Author: Vincent O'Hara

Publisher: Naval Institute Press

ISBN: 1612514081

Category: History

Page: 352

View: 5510

The Mediterranean Sea was the most intensely contested body of water in World War II. As the maritime crossroads where Europe, Asia, and Africa meet, more major naval actions were fought in the Mediterranean than in the Atlantic or Pacific. Despite its importance, remarkably little has been written about the subject, and what exists is largely one-sided and outdated. This fresh study of the naval war in the Mediterranean analyzes the actions and performances of the five major navies British, Italian, French, German, and American during the entire five-year campaign and objectively examines the national imperatives that drove each nation s maritime strategy. The Struggle for the Middle Sea sidesteps the myths that haunt this campaign, such as Great Britain enjoying a moral advantage over Italy, or the French being Germany s puppet, or the North African campaign significantly contributing to the eventual Allied victory. The book documents how the British Royal Navy, despite brilliant victories, was bled white in a campaign with questionable strategic goals; how Italy followed its own coherent naval strategy, much to the frustration of its German ally; and how the Marine Nationale was the strength of the independent French state and how it fought the Allies--and rejected the Axis--to maintain that independence. Most World War II histories tell the story of the Mediterranean War from a limited national point of view. Other works also end the story in 1943. Struggle for the Middle Sea provides a complete history of the entire campaign from all perspectives and covers Germany s largely unknown and remarkably successful struggle to employ sea power in the Mediterranean after the Italian armistice. The book s perspective and depth of detail is unmatched by other works, and its fresh viewpoints, supported by extensive research in Italian and French sources, are certain to provoke controversy. Its lessons about coastal warfare, the use of the sea, and the difficulty of gaining command of the sea in wartime provide insight into the role naval strategy played in Word War II.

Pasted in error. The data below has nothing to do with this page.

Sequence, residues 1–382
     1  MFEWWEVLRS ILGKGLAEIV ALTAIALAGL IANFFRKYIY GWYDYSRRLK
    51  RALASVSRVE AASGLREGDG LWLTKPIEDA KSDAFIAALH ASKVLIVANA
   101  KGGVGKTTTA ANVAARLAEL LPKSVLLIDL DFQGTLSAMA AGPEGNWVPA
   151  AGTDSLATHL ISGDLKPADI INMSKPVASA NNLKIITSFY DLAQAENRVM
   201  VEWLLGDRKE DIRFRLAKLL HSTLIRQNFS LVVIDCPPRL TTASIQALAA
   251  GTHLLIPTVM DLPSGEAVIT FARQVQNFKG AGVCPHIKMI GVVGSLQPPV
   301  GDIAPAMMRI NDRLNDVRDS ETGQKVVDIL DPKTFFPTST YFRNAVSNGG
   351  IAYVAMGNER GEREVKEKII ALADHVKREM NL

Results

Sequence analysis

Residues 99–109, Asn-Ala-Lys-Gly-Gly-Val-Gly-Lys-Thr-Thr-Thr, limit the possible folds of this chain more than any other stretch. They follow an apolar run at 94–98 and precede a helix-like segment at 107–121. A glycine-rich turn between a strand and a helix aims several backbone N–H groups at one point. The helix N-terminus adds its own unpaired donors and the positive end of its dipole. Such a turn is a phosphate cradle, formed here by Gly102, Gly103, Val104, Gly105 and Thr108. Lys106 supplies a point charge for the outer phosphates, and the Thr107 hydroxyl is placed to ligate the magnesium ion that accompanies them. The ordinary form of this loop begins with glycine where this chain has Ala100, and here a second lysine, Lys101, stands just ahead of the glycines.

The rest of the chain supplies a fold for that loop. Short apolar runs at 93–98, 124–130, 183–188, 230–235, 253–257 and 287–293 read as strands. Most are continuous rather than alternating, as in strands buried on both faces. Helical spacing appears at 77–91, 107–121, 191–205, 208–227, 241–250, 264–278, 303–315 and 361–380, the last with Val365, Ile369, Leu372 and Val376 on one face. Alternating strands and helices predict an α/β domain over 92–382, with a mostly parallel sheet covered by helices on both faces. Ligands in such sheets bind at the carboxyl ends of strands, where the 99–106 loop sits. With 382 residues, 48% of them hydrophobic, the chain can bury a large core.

Read More

die deutschen Marinestützpunkte in Frankreich 1940-1945

Author: Lars Hellwinkel

Publisher: Ch. Links Verlag

ISBN: 3861536722

Category: France

Page: 224

View: 6748

Read More

Two World Wars and After

Author: Norman Friedman

Publisher: Seaforth Publishing

ISBN: 1783464526

Category: History

Page: 320

View: 3664